An advertisement isn’t just a thing of the moment, it immortalizes a brand and a time period. During the Olympics, brands feature the Olympics, their athletes, Olympic events, or just the logo as another way to grab attention and, well, capitalize on a popular event.
Brands, ads and packaging tell stories about history. For example, these days so many commercials have the husband doing something stupid and the wife challenging him or correcting him. That’s a very different portrayal of marriage than 50 years ago! Another way ads reveal changing times is that print ads don’t have too many words on them these days – they used to have paragraphs of copy! But people are constantly on the go, and don’t want to read novels about a product anymore.
Harrods uses Olympic events to add a new level of interest to fashion.
And when so many brands collectively feature something like the Olympics, it puts them in a new section of history. They’re not only telling a story about users of their specific product, but also about the widespread interest of the Olympics, which I think is so interesting!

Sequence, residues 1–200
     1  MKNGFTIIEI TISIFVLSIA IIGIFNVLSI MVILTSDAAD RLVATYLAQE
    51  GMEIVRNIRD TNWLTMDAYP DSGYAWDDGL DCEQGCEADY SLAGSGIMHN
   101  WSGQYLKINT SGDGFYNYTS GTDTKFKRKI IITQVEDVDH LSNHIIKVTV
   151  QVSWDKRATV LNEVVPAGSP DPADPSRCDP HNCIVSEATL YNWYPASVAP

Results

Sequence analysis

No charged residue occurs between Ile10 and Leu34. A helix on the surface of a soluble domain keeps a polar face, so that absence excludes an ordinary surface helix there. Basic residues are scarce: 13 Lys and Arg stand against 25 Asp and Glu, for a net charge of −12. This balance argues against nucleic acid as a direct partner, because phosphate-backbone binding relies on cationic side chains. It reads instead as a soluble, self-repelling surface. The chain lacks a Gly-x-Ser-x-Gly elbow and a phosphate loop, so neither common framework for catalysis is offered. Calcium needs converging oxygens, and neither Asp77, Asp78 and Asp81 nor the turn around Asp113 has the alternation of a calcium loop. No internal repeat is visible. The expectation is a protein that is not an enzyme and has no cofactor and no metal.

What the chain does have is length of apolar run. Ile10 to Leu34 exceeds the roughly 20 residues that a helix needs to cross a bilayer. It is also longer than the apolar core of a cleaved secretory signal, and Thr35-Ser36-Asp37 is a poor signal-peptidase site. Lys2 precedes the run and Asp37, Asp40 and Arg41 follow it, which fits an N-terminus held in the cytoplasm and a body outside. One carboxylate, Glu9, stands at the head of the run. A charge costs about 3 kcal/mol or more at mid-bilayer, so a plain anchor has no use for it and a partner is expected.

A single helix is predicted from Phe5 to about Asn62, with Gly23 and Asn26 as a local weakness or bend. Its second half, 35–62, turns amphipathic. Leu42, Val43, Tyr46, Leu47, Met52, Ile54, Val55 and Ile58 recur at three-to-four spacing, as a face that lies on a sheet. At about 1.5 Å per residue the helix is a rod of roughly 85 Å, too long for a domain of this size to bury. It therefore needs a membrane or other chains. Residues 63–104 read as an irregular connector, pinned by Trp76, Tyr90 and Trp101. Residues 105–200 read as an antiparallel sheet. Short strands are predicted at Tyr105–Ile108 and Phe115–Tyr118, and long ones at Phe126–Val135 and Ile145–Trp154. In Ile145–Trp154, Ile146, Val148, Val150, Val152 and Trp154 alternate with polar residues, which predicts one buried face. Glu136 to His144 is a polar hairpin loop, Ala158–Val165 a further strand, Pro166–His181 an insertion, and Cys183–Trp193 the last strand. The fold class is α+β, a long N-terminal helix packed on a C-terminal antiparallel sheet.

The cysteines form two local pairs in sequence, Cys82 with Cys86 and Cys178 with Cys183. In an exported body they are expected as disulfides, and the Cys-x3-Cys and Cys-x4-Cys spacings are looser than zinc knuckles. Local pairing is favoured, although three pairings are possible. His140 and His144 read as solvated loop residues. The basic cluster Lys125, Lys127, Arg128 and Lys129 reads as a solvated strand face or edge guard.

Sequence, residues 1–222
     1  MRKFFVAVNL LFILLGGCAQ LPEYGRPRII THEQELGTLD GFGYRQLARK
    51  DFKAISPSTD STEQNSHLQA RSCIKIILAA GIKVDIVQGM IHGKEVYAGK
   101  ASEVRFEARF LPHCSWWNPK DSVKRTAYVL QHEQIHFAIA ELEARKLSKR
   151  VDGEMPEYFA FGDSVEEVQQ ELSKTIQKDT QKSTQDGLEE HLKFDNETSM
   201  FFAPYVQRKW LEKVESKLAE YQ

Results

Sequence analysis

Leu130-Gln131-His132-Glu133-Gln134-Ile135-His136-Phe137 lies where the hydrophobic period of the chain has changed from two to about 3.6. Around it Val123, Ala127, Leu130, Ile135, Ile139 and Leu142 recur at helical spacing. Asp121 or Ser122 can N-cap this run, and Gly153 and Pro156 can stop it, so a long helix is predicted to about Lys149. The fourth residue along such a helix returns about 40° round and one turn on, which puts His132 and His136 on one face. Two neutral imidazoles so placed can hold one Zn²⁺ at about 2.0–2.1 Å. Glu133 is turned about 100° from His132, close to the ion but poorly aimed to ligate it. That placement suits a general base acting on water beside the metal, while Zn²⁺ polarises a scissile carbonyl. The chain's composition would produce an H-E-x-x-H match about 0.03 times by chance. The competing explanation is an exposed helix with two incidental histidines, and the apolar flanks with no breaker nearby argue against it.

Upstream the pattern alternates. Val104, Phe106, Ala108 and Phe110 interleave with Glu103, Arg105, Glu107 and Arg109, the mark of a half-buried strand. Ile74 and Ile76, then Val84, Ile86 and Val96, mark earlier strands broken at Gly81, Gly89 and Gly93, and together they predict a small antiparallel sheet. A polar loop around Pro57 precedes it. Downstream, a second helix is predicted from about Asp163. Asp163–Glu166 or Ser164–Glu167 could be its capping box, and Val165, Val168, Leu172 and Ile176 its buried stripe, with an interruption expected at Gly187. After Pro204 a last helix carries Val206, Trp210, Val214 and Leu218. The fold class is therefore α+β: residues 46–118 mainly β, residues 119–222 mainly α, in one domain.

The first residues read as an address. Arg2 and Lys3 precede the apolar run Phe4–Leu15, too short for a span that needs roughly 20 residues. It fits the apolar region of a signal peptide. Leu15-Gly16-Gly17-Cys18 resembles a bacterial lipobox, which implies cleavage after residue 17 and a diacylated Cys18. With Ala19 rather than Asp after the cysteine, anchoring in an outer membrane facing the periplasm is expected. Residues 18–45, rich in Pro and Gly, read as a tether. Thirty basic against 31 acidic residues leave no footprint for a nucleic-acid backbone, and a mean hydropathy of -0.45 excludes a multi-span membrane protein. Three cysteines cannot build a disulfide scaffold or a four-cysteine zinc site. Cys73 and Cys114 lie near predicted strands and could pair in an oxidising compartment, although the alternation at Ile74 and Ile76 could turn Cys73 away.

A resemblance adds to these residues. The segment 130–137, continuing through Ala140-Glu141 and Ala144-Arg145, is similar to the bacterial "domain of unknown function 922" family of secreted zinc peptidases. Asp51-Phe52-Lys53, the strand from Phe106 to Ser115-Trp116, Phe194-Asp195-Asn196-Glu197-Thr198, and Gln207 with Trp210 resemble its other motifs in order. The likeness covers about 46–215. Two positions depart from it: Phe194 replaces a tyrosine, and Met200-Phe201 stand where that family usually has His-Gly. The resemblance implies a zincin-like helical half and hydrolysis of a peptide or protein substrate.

P&G finds emotion in their brand through the eyes of Olympian mothers.
In London, my sister, Kim, and I went to the Museum of Brands, Packaging and Advertising. (That place is so cool!) It went through decades of advertising from the Victorian Age to today. Ads and packaging would feature the Royal couple of the time. I thought it was a relatively new thing to plaster famous faces on products! But no, they’ve been doing it since at least Queen Victoria in the late 1800s!
Marmite featuring the Queen’s Jubilee.
To see a collection of packaging, from body soap to chocolates, kids toys to cereal boxes with the King and Queen on them was so cool. It’s a great insight into advertising tactics, as well as what was popular in the day.
Adidas, an official sponsor of the UK, and the official sportswear of UK Olympic athletes, does a great job adding emotion to their brand in this Olympian Adidas ad. It says intensity, hard work, competition and success.
I can’t wait until the collection of Olympic ads makes it’s way into museums like the Museum of Brand, Packaging and Advertising!